sure how CBD interacts with the ECS. But they do know that it doesn’t bind to CB1 or CB2
receptors the way THC does. Instead, many believe it works by preventing endocannabinoids
from being broken down. This allows them to have more of an effect on your body. Others
believe that CBD binds to a receptor that hasn’t been discovered yet. While the details of how it
works are still under debate, research suggests that CBD can help with pain, nausea, and other
symptoms associated with multiple conditions.
What about endocannabinoid deficiency?
Some experts believe in a theory known as clinical endocannabinoid deficiency (CECD). This
theory suggests that low endocannabinoid levels in your body or ECS dysfunction can
contribute to the development of certain conditions. A 2016 article (NIH ) reviewing over 10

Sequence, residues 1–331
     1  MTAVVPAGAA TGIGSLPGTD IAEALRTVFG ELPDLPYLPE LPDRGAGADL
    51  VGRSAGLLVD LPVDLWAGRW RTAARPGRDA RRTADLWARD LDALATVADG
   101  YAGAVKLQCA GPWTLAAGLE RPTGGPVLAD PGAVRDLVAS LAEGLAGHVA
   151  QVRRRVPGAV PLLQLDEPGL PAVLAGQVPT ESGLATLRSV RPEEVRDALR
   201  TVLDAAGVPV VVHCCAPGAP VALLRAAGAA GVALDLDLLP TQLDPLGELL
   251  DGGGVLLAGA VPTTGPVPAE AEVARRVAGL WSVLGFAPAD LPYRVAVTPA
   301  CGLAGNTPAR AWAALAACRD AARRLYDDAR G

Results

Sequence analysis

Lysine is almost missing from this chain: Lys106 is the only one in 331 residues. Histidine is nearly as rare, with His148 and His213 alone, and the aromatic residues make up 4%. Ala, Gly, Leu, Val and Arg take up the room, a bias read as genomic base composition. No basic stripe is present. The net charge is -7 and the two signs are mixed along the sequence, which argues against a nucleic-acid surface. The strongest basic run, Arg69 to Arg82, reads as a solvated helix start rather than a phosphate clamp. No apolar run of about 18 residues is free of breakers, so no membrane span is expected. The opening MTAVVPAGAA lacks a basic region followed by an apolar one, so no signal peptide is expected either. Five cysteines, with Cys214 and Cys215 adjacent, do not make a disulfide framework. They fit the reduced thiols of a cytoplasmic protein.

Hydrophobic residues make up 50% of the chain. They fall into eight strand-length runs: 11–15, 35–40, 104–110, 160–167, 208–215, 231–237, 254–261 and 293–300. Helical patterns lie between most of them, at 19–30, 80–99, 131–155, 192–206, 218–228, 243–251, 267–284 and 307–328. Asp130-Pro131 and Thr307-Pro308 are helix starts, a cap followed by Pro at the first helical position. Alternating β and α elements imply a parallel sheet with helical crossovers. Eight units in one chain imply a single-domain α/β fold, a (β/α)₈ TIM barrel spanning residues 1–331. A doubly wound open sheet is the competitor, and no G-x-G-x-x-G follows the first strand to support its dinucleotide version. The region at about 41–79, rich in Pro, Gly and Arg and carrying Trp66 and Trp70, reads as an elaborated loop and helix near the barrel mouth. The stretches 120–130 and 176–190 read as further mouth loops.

years of research on the subject suggests the theory could explain why some people develop
migraine, fibromyalgia, and irritable bowel syndrome.
None of these conditions have a clear underlying cause. They’re also often resistant to
treatment and sometimes occur alongside each other.
If CECD does play any kind of role in these conditions, targeting the ECS or endocannabinoid
production could be the missing key to treatment, but more research is needed.
NIH1 - Clinical Endocannabinoid Deficiency Reconsidered: Current Research Supports the
Theory in Migraine, Fibromyalgia, Irritable Bowel, and Other Treatment-Resistant Syndromes
NIH 2 - Cannabinoid Receptors and the Endocannabinoid System: Signaling and Function in
the Central Nervous System